Today’s SOFREP Pic of the Day features a shot of a Swedish A32 jet fighter waiting patiently for a train to cross its path.

The Saab 32 Lansen

The Saab 32 Lansen, often simply known as the A32, was a pioneering Swedish military aircraft developed in the early 1950s. It represented a significant technological advancement in jet-powered military aviation, being one of the first aircraft designed using computer technology. This design sophistication enabled it to accommodate a wide range of weaponry, making it highly versatile for different types of missions.

The A32 Lansen was initially intended as an attack aircraft but was adaptable enough to be used in multiple roles, including ground attack, maritime strike, and all-weather fighter operations. It was equipped with a single afterburning Rolls-Royce Avon turbojet engine, which provided a maximum speed of 699 mph. The aircraft featured a 35° swept wing, which was tested using a half-scale model to ensure its performance at high speeds and angles of attack.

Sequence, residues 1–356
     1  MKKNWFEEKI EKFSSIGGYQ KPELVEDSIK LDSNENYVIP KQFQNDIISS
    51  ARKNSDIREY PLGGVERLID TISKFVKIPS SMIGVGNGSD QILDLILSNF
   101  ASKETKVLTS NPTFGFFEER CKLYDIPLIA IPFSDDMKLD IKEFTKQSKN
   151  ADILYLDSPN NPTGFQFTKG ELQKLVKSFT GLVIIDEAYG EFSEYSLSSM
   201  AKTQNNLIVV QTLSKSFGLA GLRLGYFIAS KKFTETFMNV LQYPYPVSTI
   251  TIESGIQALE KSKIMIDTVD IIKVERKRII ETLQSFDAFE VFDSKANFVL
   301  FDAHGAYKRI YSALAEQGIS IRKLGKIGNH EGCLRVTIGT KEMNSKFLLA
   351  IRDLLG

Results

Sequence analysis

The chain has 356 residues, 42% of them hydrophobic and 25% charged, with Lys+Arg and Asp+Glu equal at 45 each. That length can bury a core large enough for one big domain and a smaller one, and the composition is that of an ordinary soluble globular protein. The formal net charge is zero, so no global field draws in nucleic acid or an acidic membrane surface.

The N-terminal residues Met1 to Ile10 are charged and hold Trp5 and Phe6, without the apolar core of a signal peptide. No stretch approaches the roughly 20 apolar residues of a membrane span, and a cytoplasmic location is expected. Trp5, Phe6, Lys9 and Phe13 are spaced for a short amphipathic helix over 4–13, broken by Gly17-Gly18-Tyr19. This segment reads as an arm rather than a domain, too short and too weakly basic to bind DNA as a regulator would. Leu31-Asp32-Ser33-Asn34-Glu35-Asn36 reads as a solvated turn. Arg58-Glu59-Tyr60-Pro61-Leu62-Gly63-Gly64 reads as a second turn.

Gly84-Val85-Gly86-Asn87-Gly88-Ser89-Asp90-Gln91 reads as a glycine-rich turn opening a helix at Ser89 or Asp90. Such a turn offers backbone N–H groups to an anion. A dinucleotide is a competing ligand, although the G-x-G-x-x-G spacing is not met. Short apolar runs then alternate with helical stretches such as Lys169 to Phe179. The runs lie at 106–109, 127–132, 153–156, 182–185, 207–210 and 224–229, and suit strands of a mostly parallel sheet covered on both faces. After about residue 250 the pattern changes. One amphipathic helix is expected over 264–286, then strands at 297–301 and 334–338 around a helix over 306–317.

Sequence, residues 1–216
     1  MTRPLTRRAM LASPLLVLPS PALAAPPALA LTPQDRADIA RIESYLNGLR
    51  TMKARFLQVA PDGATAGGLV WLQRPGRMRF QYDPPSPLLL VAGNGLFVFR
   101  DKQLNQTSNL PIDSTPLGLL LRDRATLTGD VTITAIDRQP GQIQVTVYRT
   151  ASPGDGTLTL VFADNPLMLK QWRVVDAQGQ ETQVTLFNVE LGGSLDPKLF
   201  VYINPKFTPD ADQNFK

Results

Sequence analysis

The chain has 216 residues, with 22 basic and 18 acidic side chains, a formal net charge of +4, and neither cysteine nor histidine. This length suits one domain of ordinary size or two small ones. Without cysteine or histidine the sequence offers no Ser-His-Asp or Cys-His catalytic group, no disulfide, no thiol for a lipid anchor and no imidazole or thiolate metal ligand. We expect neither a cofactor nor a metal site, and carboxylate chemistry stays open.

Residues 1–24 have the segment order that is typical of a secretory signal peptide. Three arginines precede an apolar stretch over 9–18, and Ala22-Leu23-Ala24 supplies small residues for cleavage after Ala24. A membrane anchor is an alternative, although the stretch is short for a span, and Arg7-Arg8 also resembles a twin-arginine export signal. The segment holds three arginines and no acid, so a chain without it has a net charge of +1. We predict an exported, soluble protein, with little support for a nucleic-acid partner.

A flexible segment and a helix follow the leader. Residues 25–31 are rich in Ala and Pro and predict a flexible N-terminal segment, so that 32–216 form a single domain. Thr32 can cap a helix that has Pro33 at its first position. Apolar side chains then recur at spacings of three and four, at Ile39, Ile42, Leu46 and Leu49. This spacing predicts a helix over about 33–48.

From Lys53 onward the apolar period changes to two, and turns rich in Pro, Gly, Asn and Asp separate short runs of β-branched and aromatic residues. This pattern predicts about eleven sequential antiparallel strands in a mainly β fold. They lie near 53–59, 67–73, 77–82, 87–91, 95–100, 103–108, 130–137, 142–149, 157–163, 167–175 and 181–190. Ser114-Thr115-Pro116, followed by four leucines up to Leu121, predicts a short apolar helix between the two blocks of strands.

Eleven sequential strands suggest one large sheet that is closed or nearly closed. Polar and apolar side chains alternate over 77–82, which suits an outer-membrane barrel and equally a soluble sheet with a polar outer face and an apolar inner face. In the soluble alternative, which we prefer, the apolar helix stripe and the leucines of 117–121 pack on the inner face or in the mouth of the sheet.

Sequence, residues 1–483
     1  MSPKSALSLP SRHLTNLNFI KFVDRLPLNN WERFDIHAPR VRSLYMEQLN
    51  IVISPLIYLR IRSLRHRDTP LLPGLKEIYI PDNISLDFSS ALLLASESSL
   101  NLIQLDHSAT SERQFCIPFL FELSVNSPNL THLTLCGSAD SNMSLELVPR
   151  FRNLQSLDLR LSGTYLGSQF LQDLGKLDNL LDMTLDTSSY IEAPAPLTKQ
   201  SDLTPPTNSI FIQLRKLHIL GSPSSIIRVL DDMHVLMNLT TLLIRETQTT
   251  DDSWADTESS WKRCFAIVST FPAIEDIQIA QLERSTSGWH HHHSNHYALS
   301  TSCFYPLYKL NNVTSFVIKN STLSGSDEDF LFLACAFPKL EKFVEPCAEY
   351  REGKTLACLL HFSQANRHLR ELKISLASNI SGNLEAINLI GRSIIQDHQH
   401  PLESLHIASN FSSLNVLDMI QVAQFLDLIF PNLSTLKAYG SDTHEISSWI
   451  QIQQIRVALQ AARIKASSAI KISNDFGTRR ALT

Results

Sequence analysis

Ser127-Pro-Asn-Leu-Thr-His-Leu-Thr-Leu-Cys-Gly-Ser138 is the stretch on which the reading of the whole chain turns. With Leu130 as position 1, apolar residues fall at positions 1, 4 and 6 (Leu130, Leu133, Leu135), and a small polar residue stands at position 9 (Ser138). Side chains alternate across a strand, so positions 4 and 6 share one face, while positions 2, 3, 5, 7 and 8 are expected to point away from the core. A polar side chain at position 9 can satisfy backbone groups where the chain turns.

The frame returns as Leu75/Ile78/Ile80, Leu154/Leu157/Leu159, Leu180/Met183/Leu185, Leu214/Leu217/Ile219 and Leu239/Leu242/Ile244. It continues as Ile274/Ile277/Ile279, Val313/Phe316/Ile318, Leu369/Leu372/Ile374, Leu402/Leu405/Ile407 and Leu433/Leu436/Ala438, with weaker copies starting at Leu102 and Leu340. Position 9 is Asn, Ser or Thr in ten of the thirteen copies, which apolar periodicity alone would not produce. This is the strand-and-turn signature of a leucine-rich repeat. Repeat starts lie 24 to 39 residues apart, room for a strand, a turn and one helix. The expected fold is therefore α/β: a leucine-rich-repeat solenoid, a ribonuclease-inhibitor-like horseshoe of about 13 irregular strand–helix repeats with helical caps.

The Lansen could be armed with four 20 mm Bofors cannons and had the capability to carry an array of rockets and bombs of different sizes. It also had the capacity to be equipped with the early versions of “fire-and-forget” anti-ship missiles, notably the Rb 04. In its reconnaissance version, the Lansen could carry up to six cameras and additional equipment for electronic warfare and target towing.

Produced until 1960, the Lansen remained in operational use by the Swedish Air Force until the late 1990s, showcasing its durability and adaptability over several decades. Its design and operational capabilities made it an essential component of Sweden’s Cold War aerial defense strategy, although it was eventually replaced by more modern aircraft like the Saab 37 Viggen.